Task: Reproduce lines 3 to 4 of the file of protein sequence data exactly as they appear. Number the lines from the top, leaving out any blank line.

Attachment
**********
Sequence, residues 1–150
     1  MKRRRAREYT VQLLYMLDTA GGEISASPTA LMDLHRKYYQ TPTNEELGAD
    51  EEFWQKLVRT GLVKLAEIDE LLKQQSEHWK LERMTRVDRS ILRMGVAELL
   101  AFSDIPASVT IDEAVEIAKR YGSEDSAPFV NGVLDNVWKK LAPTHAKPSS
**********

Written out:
    51  EEFWQKLVRT GLVKLAEIDE LLKQQSEHWK LERMTRVDRS ILRMGVAELL
   101  AFSDIPASVT IDEAVEIAKR YGSEDSAPFV NGVLDNVWKK LAPTHAKPSS